As we continue dealing with the lockdown, 3D printing has never been more attractive, both as a new hobby, a way to potentially make things that are still difficult or slow to get. Or, you may already be into printing and looking for a new printer or some great accessories to add on to your existing setup. No matter which of those apply to you, the Stacker F1, currently seeking funding on Kickstarter, is worth taking a look at.
New to Kickstarter? Check out our crowdfunding primer.
First, the company is priortizing safety. For those unfamiliar with 3D printing, there are a lot of potential hazards. The whole enterprise involves heating and melting plastic, often for hours or days at a time. Failed software, firmware, or hardware can lead to issues where the heating element continues heating well past the safe levels. The F1 takes a unique approach to this, with multiple circuits and two temperature sensors, all independent of each other and the firmware, which allows for the device to shut down even in the case of multuple failpoints. The printer also contains other safety features missing on many other 3D printers, including special heat sinks, a UL-approved flame retardant filament drive, guarded heater block and z-axis screw, and more.
All of those are great to help prevent accidents, but what most people care about with printing is of course the print quality. Anyone who has used a 3D printer, particularly a low-end entry model, have encountered issues where the print succeeds, but the result is less-than-desirable. All kinds of little things can happen when printing to cause a layer to be slightly off, resulting in a bad print. The F1 uses an all-metal frame and a chassis designed to dampen vibrations. The filament drive–the part that pulls the plastic filament off the spool and in through the hot end–is made of hardened steel, a welcome change to the plastic often found in lower-end printers (this is the part, in fact, that has failed on my current printer.)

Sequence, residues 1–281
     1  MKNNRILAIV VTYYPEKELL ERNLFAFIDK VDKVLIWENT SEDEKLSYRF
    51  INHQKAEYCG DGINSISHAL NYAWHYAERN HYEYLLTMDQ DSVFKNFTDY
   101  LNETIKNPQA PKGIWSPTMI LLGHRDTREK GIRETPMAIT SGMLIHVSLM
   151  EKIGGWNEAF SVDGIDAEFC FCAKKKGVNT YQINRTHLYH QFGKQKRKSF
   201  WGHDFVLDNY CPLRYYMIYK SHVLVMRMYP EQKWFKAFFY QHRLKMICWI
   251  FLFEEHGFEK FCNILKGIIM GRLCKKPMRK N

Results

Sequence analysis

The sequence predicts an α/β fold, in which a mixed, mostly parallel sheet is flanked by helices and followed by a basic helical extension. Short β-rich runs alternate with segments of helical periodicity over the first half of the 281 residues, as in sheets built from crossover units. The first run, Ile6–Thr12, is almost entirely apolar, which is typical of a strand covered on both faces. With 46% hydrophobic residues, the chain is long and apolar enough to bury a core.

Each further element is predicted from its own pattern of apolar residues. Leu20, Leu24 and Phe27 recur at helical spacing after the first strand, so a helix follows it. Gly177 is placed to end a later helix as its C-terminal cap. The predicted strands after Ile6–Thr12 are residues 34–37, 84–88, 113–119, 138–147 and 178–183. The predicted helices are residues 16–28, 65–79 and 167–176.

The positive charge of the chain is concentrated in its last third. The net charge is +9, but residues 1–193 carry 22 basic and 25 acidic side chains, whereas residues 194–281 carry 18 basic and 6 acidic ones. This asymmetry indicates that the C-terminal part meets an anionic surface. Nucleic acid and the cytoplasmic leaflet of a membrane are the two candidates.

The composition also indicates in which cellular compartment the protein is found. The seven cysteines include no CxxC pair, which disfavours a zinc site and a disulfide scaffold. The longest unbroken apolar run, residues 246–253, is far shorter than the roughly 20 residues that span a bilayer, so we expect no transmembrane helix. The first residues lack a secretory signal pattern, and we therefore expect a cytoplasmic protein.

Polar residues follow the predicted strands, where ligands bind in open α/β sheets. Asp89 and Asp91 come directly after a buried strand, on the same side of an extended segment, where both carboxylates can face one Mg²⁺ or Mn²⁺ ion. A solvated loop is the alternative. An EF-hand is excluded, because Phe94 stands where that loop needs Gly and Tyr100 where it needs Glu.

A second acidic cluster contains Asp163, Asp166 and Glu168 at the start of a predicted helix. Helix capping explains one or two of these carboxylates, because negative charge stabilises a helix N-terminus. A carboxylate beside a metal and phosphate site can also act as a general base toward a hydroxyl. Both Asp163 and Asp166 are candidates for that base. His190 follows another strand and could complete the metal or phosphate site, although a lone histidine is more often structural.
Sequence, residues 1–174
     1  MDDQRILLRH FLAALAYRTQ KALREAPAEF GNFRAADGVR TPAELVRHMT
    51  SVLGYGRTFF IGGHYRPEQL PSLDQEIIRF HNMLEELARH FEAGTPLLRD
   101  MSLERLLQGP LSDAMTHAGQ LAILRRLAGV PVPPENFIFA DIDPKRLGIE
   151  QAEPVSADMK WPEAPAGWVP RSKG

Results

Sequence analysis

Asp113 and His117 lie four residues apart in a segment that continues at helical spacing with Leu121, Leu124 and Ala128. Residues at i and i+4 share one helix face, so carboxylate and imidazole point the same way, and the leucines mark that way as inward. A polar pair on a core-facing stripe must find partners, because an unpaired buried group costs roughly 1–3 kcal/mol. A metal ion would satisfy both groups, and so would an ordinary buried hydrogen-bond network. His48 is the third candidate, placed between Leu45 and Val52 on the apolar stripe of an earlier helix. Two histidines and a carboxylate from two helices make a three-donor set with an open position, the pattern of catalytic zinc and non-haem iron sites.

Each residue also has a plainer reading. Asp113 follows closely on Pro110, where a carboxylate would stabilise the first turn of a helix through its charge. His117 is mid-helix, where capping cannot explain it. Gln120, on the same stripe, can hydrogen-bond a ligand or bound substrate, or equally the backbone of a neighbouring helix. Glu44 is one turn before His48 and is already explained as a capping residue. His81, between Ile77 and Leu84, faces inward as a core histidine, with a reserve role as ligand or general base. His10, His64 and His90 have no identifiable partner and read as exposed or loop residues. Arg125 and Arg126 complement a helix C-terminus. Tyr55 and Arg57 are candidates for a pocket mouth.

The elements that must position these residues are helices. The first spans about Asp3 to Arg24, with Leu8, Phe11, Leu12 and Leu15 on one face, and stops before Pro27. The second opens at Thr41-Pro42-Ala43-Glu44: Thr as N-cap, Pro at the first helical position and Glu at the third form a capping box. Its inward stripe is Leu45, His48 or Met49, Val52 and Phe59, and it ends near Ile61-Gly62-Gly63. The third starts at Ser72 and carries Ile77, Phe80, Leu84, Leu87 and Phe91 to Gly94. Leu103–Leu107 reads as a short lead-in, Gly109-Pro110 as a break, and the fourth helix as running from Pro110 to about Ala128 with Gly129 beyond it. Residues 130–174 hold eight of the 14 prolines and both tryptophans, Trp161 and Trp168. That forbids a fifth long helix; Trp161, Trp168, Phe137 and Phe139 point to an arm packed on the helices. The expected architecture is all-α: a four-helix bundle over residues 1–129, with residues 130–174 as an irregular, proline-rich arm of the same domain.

This printer also has a cool feature that allows the hot end, not the filament drive, to increase or decrease pressure and do most of the hard work of extruding, resulting in some incredible print quality. The company is also relying only on the highest-quality parts to make sure that they will last, but also that things like the hot end can be easily swapped out when you do run into problems (which are absolutely inevitable in 3D printing.)
If you’ve been looking for a 3D printer, definitely check out the Stacker F1. It isn’t cheap, but let me say from experience that when it comes to 3D printing, you get what you pay for. And, keep your eyes here on GeekDad in the coming months for a full, in-depth, hands-on review of the Stacker. You should also take a look at the cool accessories that are also part of the campaign.